Visit our Re-post guidelines
By Nancy Massotto, Ph.D., Founder and Executive Director of the Holistic Moms Network
Genetically modified organisms (GMOs) are taking over our food supply. Nearly 80 percent of processed foods, including those labeled "natural," contain GMOs and experts agree that organic foods are not likely entirely organic anymore due to cross-pollination (aka "genetic pollution") between conventional and organic fields. The facts are sobering.
Our food system has truly run amok. Our children are increasingly less healthy, generation to generation, than before. And, the problem seems to grow worse and worse every year.
Until now. A growing number of people, including myself, believe the tides are turning.
Ten years ago, very few moms discussed GMOs and, like me, were largely unaware of how commonplace GMO foods had become. But activists like Jeffrey Smith, Executive Director of the Institute for Responsible Technology, broke the silence by speaking out and authoring consumer-friendly books like his seminal work on the topic, "Seeds of Deception," published in 2003.
Years of tireless, fringe advocacy and increasing evidence of harm have all paved a path for a wave of moms to push things to a tipping point. Why moms? Why now? I asked Jeffrey what his take was given his intimate involvement in the movement in the past decade. In true David vs. Goliath form, his insights were inspired.
Here's what he had to say:
Nancy: How have you seen the conversation about GMOs change in the past decade?
Jeffrey: 10 years ago, very few people knew about GMOs, and very few companies labeled their products as non-GMO. Today, genetically engineered foods have entered popular culture, and we expect the results to be their complete elimination from the food supply in the near future.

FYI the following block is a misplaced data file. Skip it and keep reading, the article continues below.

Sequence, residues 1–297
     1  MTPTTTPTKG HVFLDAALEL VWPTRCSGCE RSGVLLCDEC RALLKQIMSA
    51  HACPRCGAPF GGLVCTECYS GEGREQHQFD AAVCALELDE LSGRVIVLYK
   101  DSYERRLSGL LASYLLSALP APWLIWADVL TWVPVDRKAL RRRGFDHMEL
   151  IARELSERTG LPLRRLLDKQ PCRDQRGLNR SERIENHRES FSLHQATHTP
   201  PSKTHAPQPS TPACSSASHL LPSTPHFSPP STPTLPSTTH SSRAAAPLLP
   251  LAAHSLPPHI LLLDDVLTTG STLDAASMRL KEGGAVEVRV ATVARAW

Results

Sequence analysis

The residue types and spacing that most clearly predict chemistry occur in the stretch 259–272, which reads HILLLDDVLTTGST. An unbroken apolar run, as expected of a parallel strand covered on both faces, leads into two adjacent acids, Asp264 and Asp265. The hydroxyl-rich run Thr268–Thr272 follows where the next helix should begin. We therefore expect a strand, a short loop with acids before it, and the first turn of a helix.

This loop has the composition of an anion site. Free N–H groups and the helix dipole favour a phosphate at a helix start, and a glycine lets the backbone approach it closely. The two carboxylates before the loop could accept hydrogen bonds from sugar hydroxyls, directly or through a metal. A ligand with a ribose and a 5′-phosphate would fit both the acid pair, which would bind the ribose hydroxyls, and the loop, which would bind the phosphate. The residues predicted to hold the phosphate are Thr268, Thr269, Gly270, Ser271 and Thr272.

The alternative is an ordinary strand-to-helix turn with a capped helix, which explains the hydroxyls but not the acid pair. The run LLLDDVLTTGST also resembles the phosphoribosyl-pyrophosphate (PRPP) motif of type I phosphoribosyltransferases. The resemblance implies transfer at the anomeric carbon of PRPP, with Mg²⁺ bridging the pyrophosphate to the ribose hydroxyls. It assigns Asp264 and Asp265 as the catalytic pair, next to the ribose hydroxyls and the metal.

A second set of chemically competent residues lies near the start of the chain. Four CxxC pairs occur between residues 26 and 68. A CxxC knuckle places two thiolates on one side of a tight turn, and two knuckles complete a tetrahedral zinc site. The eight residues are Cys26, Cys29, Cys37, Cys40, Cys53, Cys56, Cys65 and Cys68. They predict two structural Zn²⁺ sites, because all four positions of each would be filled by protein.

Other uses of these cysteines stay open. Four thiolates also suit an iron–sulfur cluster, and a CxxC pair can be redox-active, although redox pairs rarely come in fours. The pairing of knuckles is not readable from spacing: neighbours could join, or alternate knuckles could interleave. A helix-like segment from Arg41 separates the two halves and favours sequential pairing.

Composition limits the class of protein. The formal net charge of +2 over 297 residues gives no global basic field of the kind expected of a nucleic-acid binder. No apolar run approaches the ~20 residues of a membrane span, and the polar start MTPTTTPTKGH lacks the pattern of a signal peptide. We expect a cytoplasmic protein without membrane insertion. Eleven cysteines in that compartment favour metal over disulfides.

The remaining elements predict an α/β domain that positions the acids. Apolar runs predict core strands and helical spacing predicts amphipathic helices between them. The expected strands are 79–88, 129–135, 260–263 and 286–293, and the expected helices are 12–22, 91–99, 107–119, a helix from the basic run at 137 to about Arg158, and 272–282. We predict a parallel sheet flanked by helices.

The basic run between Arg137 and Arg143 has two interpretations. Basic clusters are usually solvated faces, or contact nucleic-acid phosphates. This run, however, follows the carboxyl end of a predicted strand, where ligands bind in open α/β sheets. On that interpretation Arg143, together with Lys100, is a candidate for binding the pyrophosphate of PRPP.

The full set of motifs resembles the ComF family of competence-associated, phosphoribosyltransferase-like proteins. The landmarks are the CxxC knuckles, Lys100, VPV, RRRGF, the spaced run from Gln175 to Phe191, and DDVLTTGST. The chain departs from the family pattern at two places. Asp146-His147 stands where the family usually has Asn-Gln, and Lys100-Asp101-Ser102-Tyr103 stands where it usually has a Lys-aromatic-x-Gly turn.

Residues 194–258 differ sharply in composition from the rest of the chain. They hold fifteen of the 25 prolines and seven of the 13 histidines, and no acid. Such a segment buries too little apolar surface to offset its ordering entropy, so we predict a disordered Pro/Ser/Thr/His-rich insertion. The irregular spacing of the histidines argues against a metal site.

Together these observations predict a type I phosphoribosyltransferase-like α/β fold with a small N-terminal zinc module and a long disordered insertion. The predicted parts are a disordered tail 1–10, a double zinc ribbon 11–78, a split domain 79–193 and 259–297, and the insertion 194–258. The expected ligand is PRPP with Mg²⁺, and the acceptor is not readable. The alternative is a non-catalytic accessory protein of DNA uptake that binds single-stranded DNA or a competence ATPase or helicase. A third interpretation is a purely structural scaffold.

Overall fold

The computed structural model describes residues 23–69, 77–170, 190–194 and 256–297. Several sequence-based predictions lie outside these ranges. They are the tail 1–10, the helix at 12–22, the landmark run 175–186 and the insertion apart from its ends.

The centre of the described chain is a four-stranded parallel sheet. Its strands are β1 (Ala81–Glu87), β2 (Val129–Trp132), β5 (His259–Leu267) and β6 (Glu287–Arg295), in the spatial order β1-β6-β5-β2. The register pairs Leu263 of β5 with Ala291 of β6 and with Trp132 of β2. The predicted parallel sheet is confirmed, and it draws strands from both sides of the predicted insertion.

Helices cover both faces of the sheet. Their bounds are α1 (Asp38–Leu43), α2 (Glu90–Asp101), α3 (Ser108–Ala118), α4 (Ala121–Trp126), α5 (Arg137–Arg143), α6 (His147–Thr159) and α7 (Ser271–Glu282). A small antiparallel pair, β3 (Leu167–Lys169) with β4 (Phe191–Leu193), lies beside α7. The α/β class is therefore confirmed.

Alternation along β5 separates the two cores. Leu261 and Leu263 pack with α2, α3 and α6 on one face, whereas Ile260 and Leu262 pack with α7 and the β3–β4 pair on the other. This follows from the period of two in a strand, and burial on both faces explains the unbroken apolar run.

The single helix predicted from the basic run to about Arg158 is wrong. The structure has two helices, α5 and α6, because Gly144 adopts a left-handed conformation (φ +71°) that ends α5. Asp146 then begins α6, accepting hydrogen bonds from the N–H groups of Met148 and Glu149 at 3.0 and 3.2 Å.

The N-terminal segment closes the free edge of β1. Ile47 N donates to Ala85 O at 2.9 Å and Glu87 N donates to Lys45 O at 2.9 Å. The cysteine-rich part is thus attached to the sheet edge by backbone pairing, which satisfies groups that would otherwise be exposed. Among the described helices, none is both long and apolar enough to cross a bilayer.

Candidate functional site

About 26 states have introduced legislation proposing labeling of GMOs; with Connecticut and Maine passing the first laws. Washington state is staging a ballot initiative this November for labeling. And many other states are expected to pass their labeling laws next year.
The power of the movement is growing worldwide. From a single Facebook page suggesting a March on Monsanto, self-organized protests emerged in 52 countries with more than 2 million people.
In addition, the evidence demonstrating health problems from GMOs is far greater now than 10 years ago. I'd say it's overwhelming
Nancy: I agree that more people are aware of the problem and food companies are responding to a degree, yet Monsanto's power and the spread of GMOs is also more pervasive than ever -- are we really making progress?
Jeffrey: We need to remember that we can win this battle without requiring policy change. Genetically engineered foods were banned in Europe, not by the European commission, but by Nestlé's and Unilever and McDonald's, etc. that's where we have our greatest leverage.
We may continue to see the Obama administration and Congress bend to the will of Monsanto, as they have for two decades. But we should not judge our success on that basis. The increased efforts by the biotech industry to defend its turf and promote its products are in reality a frantic effort to stem the tide of the inevitable. As consumers, we are at the top of the food chain. And we are ushering in a non-GMO food supply through our healthier choices.